Nike was ahead of the curve among fashion and footwear brands making moves into crypto, securing a patent for blockchain-linked sneakers called CryptoKicks back in 2019. Last year, as NFT trading reached a frenzy, it made probably the biggest investment of its peers by acquiring RTFKT, a maker of NFTs and virtual fashion that has since released products bearing Nike’s name and logo.
But Nike still hadn’t come out with a big web3 project under its own label, even as competitors like Adidas and Puma introduced their own — until now, that is.
Today the company announced the launch of .Swoosh, a platform for Nike’s customers to learn about web3, collect virtual products like sneakers or jerseys and, eventually, help to co-create them — even potentially earning royalties on their sales. Don’t expect a big drop of Nike NFTs right away, however. There won’t be much activity on the page to start, though that will change in the coming days and weeks.
First, visitors with an access code given out to select Nike community members will be able to register on the site and claim a username. In December, Nike plans to begin educating members about web3, helping them set up digital wallets for instance — it’s working with third-party wallet provider BitGo — and encouraging them to get involved through prompts like community challenges on Instagram. In January, Nike will drop its first collection on .Swoosh and begin testing out different utilities for its virtual items, which it wants to be more than just collectables. Like other brands testing the waters of web3, it’s exploring them as a means to foster community and sell physical products.
“We see a [virtual] shoe that one day unlocks access to a pre-order of a physical shoe, or one day unlocks access to a token-gated chat with our designers where you can help shape certain decisions around what colourway we launch with, or another day where you could unlock the wearable version in your favourite game or in your favourite immersive experience,” said Ron Faris, a Nike vice president and general manager of Nike Virtual Studios, which is focused on metaverse and web3 ventures.
Nike’s .Swoosh is aimed at the “web3 curious” rather than those deeply enmeshed in the space, an audience RTFKT is already serving, Faris said. It’s unclear how big that population is at this stage though. Many shoppers have undoubtedly heard about blockchain and cryptocurrencies but lately it’s often in the context of crashing prices and collapsing companies. The complicated user experience involved in setting up a digital wallet and minting NFTs — meaning logging the digital assets on a blockchain — is a barrier to entry in itself. Faris compared web3 today to the internet before web browsers existed.
Still, he pointed out more people are spending time in virtual spaces, and Nike sees an opportunity to build an onramp for the uninitiated. To keep things simple to start, it will price its virtual products in dollars, not cryptocurrency — with most coming in under $50 — and will restrict them to its platform. Soon, however, Nike will allow users to connect their own crypto wallets and move their items to the usual NFT marketplaces.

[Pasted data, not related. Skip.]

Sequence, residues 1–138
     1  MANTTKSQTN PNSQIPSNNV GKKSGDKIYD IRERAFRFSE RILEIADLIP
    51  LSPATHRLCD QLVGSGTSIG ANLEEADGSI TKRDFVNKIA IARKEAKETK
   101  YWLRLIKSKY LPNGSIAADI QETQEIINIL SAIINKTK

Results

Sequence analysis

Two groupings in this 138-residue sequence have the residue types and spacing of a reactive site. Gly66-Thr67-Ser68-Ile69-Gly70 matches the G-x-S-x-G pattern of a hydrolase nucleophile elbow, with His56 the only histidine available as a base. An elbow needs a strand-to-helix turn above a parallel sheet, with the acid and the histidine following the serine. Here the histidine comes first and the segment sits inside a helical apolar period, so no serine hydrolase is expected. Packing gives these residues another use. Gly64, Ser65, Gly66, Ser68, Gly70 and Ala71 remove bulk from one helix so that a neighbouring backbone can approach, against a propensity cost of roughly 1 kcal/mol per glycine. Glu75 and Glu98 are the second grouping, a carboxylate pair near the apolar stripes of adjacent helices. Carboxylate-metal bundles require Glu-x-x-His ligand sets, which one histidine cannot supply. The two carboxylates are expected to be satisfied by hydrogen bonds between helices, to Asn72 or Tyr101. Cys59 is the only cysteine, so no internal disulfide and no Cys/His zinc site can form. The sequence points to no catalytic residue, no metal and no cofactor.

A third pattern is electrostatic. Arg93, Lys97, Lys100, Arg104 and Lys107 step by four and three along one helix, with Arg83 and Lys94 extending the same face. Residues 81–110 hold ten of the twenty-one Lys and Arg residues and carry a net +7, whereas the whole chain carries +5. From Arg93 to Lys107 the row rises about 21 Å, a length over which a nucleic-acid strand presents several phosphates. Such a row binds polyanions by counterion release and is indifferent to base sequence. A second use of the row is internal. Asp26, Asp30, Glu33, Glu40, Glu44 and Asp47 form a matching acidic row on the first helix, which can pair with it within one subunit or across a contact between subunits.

Nike is also planning a six-city tour in December, selecting areas that typically aren’t the first to receive new technologies, according to Faris. Promoting a diverse and inclusive community are key priorities, which is why Nike’s community partners in diversity, equity and inclusion will be among the first receiving access codes to register on .Swoosh. Steadily it will invite in more members.
“Our Nike community is very large. It spans everywhere from South Bronx to North London,” Faris said. “In all those areas where it goes, you want to be able to create a level of access that levels the playing field.”
Nike chose to host the platform on its own .nike domain, which it means to use for all its web3 projects, in part for security. Because it will own all .nike links, it’s harder for scammers to lure users with fake links, a constant problem in web3 and a headache for platforms like Discord.
The company debated whether putting its virtual products on a blockchain was even necessary. The work it did with RTFKT convinced Nike it was because blockchain offers the transparency of a public ledger and the flexibility of the self-executing programmes in NFT code known as smart contracts, Faris said. For example, it plans to eventually host community challenges where members skilled in 3D tools can compete and the winner will be able to collect a royalty on sales of the virtual items they help create — an ability allowed by smart contracts, at least to a degree.
Though Nike also wants to involve members in simpler forms of co-creation, too, like helping Nike make decisions on colourways for new products.
The company was later than some of its rivals to debut its own big web3 project because it was still observing and learning, according to Faris. He compared it to taking up a new sport and said Nike wanted to take its time, acknowledging that web3 can be a volatile space, as the dramatic downturn in cryptocurrency values and NFT trading this year has shown. It will use .Swoosh to test and learn, an approach adopted by brands such as Gucci, too.
But Nike also sees .Swoosh as a way to further its strategy of serving the marketplace of the future, where shoppers value their online identities as much as their offline lives and digital and physical products exist side by side. The sneaker giant believes there’s a genuine business opportunity, an outlook it shares with RTFKT.
“We’re building for a long-term future,” Faris said. “We’re here to stay in this space.”